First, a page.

Genomic DNA from 14 infected aphids (Myzus persicae and Sitobion avenae) and one healthy Sitobion avenae taken from rearing chamber and considered as a negative control was extracted using a Chelex extraction protocol . DNA extraction was done by adding 20 µL phosphate buffered saline (PBS PH7.2) and 5 µL proteinase K (10 mg/mL) to each 1.5 mL Eppendorf tube and the aphids were homogenized with a DNA-free pestle. After a quick spin at 10,500 ×g for 30 s, 100–200 µL (depending on aphid size) of a 10% Chelex solution was added and the samples were incubated overnight at 56°C. Next day the samples were incubated at 94°C for 15 min and after a spin at 10,500 ×g for 30 s, the supernatants were transferred to new Eppendorf tubes and stored at −20°C.
PCR was performed on the internal transcribed spacer 1 (ITS 1) using two genus specific forward primers for Entomophthora and Pandora, respectively: Ml2: 5′-GCAACGGATCATCATGTAA-3′ and PnCNf: 5′-TTTGGGTTTAAATAGAAGGTTGA-3′ and reverse primers Nu-5.8S-3′: 5′-ACTACGTTCTTCATCGATGA-3′  and PnCNr: 5′-AGGCAAAGCCTAGAGCACTT-3′ (unpublished). The primers were chosen to detect and confirm the identity of the fungi infecting the field collected aphids.
Positive DNA controls provided from ARSEF Collection of Entomopathogenic Fungal Cultures: ARSEF 2583: Pandora neoaphidis, isolated from the aphid species Acyrthosiphon pisum (USA, 1988) and ARSEF 6918: Entomophthora muscae, isolated from the Dipteria Coenosia tigrina (Denmark, 1999) and negative water controls were included in each set of PCR reactions.
PCR amplifications were performed in 50 µL reaction volumes containing 2 µL of chelex-extracted DNA 1 : 1 or diluted 1 : 10, 10 µL Phusion HF Buffer (5 × 7.5 mM MgCl2), 10 mM dNTPs, 0.5 µM of each primer, 0.5 U Phusion High-Fidelity DNA Polymerase (Finnzymes, Espoo, FI). For both primers, the PCR conditions were denaturation at 98°C for 30 s, followed by 38 cycles of denaturation at 98°C for 10 s, annealing at 55°C for ML2 or 60°C for PnCNf for 20 s, and extension at 72°C for 1 min, with a final extension at 72°C for 10 min. The size of the PCR amplifications was estimated by electrophoresis on a 1.5% agarose gel in 0.5 × TBE, and the products visualized with EZ-Vision (AMRESCO LLC, USA).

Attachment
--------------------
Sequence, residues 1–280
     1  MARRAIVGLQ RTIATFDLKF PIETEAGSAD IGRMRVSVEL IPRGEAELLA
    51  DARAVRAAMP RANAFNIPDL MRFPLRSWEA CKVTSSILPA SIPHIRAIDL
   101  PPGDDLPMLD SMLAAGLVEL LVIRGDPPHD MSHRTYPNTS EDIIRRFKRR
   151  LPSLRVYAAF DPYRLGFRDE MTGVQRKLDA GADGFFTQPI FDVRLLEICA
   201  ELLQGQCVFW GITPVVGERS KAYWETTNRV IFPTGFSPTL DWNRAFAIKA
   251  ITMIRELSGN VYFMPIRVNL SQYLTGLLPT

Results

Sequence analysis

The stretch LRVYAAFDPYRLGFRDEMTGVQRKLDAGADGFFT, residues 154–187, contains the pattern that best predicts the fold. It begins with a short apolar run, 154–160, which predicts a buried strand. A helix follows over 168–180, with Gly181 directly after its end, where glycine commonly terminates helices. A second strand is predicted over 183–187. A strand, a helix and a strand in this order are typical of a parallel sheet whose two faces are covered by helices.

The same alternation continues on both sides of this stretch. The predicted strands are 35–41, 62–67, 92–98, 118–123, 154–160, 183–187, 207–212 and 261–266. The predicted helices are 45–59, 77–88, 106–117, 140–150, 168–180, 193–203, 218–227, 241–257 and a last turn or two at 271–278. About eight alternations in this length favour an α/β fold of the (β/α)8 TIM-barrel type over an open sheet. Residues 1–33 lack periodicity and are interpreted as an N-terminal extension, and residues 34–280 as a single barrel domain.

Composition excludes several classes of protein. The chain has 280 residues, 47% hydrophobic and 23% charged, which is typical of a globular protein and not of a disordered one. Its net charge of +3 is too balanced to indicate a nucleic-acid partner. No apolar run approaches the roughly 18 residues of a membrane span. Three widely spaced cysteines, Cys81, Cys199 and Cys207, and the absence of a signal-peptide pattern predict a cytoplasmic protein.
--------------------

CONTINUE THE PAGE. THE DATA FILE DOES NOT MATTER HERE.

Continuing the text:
Sequencing was used to verify the species identity based on the length of the PCR product, in particular for the P. neoaphidis primers PnCNf/PnCNr which were tested for the first time in this study. Prior to sequencing the PCR products were purified with Qiagen kit. The different PCR products were sequenced by Eurofins MWG and a sequences similarity search using NCBI BLAST was performed in Genbank.
3. Results and Discussion
Our study documented for the first time in Tunisia fungal species within the phylum Entomophthoromycota, family Entomophthoraceae . We identified two species of the subfamilies Erynioideae and Entomophthoroideae, respectively: Pandora neoaphidis, (Remaudière and Hennebert)  and Entomophthora planchoniana  found on M. persicae and S. avenae, respectively.
3.1. Morphological Characterization
The species P. neoaphidis is characterized by visible ellipsoid mononucleate primary conidia [23, 24] (Figure 1). The Pandora conidia from the Tunisian material contained one nucleus each and measured in length and width 22.1–30.9 × 15.6–18.8, respectively (Table 1). This is well within the known range of P. neoaphidis conidia; however, the conidia obtained during this investigation tended to be a bit larger when compared to data in .
The species E. planchoniana is characterized by bell shaped plurinucleate primary conidia with sharp apical point and a broad flattened papilla  (Figure 2). The Entomophthora conidia from the Tunisian material contained between 4 and 7 nuclei and measured in length and width 16.5–29.9 × 11.7–18.2, respectively (Table 1). Nuclei numbers and conidia dimensions of this species are thus within the description of E. planchoniana .